In tonight’s broadcast, Brian Anderson said that “Corey Hart hits a home run every 12 at bats.” Similarly, in a previous broadcast, one of the members of the team called Randy Wolf a “.380 hitter.”
To me, that statement implies that, in the future, Hart will continue to hit a home run every 12 at bats, and that Randy Wolf will continue to hit .380, as if those numbers are representative of their true talents. With that number solely based on the 62 games played so far this season, and both numbers very different from both projections and their career stats, it is unlikely that those numbers do actually represent what will happen or their true talents. I believe what Anderson means to say is “Corey Hart has hit a home run every 12 at bats,” or “Randy Wolf has a .380 batting average.”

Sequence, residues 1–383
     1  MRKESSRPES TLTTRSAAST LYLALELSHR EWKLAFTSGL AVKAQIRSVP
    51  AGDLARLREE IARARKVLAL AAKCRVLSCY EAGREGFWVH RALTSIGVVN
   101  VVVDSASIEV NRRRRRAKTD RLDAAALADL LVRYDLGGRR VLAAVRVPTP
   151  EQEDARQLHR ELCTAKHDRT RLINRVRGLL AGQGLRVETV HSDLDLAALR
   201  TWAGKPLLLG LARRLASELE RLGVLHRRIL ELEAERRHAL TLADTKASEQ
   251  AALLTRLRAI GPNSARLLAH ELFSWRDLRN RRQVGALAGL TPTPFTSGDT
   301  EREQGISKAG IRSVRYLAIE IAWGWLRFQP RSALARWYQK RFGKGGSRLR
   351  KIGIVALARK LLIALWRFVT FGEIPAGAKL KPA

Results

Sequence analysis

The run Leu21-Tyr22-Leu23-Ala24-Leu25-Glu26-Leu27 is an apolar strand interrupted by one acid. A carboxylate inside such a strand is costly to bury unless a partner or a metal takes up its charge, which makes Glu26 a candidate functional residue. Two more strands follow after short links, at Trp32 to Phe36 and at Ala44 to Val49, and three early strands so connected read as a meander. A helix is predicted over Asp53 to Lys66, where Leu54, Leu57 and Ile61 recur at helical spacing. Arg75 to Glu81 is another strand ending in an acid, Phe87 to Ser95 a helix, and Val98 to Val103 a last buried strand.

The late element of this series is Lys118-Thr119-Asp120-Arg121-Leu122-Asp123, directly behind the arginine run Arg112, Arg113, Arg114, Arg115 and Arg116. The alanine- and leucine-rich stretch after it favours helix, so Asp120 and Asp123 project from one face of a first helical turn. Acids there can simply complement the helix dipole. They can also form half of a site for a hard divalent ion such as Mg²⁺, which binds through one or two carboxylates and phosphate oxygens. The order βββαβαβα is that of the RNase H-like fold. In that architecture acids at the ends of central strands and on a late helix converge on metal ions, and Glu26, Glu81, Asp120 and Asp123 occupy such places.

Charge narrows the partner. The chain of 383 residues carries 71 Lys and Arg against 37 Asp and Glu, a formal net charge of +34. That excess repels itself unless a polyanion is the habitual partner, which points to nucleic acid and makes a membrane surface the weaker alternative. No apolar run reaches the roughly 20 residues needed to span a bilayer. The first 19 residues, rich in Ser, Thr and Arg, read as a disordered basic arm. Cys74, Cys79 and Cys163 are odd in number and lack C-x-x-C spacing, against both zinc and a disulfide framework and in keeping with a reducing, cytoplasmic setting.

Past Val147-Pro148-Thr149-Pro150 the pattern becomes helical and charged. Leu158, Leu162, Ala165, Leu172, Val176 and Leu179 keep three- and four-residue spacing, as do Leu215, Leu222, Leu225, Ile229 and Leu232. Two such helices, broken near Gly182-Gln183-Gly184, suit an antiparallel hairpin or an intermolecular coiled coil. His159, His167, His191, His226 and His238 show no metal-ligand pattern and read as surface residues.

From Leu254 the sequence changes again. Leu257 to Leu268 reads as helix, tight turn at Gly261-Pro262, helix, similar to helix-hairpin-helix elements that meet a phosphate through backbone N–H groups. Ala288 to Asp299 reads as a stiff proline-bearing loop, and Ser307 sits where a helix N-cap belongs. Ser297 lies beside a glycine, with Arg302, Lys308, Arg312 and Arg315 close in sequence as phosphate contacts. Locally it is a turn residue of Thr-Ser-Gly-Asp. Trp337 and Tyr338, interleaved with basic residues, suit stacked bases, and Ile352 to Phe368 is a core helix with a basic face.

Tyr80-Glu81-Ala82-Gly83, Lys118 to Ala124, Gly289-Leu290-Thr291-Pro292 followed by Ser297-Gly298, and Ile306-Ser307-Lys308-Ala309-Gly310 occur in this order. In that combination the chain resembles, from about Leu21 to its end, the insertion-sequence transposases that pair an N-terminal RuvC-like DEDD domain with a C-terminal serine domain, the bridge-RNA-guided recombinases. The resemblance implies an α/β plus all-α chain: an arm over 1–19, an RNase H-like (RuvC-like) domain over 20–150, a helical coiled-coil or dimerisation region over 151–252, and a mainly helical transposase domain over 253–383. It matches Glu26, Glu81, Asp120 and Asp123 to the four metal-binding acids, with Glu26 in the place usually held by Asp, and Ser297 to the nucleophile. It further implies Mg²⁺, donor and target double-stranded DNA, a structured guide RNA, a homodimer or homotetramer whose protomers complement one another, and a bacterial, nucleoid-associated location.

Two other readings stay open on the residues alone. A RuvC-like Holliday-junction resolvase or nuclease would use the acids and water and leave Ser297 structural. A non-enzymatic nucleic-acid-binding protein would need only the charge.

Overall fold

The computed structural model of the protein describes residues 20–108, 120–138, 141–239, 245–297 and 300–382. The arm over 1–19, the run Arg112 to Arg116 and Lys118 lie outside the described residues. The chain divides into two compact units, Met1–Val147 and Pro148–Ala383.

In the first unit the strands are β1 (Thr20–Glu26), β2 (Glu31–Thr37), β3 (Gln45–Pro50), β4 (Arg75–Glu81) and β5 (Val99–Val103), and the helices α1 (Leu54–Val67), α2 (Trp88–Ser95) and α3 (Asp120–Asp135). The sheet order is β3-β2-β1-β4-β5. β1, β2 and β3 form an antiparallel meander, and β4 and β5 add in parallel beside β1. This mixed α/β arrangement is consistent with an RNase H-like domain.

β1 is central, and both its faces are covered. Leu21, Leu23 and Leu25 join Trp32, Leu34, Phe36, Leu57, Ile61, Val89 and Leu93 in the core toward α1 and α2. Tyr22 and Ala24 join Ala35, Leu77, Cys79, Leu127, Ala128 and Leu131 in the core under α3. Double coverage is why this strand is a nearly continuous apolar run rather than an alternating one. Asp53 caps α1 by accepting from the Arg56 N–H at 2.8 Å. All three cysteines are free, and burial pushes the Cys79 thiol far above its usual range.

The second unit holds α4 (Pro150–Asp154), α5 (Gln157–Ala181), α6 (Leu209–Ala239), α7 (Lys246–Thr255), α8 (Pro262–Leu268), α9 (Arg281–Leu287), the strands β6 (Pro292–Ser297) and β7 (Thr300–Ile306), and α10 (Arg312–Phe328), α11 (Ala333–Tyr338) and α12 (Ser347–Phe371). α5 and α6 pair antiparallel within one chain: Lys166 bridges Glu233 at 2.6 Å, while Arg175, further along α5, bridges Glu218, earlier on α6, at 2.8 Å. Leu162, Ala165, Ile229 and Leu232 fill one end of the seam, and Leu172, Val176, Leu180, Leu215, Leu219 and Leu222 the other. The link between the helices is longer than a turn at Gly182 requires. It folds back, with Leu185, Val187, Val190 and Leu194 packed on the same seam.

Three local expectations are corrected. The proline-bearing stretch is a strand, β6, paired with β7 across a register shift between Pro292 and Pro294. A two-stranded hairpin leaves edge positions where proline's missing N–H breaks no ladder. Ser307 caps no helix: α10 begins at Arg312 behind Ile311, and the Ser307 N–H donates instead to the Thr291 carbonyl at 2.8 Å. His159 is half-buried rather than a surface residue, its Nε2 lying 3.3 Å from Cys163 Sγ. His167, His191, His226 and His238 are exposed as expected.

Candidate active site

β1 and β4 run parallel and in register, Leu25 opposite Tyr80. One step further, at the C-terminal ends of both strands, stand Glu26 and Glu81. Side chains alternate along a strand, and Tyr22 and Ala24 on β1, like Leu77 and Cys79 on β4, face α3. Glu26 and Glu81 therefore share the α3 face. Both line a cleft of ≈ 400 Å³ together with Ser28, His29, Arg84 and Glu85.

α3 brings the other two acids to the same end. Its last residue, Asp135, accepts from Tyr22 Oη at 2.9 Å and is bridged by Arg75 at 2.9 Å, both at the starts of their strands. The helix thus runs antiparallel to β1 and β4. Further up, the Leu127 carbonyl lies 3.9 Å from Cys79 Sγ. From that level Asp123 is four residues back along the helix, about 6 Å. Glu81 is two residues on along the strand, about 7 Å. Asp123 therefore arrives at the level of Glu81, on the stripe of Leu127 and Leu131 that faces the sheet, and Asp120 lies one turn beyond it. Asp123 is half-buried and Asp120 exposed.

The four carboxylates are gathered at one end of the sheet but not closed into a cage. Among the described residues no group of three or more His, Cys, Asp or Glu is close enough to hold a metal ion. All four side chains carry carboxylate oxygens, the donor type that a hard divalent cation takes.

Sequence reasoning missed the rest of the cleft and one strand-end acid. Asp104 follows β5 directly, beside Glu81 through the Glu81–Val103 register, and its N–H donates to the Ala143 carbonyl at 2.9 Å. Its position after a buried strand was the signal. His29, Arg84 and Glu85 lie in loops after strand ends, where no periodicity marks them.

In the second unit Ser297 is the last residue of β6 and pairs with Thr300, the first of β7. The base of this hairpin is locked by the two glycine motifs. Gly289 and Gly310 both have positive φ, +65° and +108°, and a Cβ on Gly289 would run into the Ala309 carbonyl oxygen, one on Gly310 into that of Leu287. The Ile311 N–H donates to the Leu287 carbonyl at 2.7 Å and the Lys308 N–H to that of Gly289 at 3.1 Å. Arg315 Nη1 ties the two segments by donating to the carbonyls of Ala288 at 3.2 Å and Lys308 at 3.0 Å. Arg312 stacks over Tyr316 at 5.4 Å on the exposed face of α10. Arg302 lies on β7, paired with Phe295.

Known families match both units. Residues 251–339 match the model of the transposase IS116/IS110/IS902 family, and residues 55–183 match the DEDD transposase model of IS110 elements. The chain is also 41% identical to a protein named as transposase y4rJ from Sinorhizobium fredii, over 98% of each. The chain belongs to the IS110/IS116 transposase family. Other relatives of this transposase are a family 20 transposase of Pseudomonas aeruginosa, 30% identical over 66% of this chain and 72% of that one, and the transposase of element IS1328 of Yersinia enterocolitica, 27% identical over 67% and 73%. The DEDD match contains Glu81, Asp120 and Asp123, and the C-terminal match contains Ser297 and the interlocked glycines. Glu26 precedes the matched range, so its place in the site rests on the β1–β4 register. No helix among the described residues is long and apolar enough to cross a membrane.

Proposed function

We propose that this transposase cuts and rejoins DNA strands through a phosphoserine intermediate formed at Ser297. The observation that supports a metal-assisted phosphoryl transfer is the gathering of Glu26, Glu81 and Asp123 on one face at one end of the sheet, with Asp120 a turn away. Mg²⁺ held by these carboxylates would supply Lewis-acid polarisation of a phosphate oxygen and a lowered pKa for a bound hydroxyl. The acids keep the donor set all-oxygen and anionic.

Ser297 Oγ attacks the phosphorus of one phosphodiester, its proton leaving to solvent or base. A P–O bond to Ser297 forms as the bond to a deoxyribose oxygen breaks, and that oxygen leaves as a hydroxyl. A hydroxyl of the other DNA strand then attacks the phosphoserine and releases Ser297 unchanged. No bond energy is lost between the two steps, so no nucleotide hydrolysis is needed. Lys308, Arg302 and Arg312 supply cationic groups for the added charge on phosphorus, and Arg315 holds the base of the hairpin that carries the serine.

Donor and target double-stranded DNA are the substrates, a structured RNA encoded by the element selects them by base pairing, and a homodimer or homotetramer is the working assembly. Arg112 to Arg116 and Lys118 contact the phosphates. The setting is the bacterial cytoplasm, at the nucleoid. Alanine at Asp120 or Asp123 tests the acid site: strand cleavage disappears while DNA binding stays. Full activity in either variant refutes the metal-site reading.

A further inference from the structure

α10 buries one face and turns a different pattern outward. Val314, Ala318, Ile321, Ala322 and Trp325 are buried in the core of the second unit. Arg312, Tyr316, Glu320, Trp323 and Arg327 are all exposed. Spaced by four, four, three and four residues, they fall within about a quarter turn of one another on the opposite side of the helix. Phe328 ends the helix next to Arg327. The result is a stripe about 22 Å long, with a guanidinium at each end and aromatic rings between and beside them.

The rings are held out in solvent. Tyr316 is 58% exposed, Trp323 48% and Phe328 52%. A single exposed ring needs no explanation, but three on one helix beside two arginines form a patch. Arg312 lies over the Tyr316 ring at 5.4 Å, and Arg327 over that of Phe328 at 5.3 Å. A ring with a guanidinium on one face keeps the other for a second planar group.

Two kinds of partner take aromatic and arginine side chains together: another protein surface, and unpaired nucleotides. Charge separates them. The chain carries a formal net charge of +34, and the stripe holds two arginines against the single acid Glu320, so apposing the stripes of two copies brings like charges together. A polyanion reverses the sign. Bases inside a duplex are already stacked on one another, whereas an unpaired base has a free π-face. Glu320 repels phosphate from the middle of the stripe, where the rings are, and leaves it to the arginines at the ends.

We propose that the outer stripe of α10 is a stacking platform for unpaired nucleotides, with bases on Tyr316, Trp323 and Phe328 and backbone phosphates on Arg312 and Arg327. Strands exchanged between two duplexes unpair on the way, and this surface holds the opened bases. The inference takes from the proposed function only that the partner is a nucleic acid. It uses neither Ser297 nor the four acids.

This is especially obvious with the case of Wolf. Randy Wolf is a pitcher. With the occasional exception of guys like Micah Owings and Carlos Zambrano, pitchers are terrible hitters. Even “good” hitters like Yovani Gallardo only have wOBAs in the .250 area, otherwise known as the “Tommy Manzella zone.” Wolf has a career batting average of .187 and a career wOBA of .223. His batting average has already fell to .290 since that quote.
I don’t particularly blame the broadcasters for the quotes; I know it can be hard to come up with things to say when the action is moving. Still, I think it’s important that we remember how to interpret in-season stats. Corey Hart has hit a home run once every twelve at bats this season. That doesn’t mean that he’s that good, nor does it mean that he’ll continue to that this season or for the rest of his career.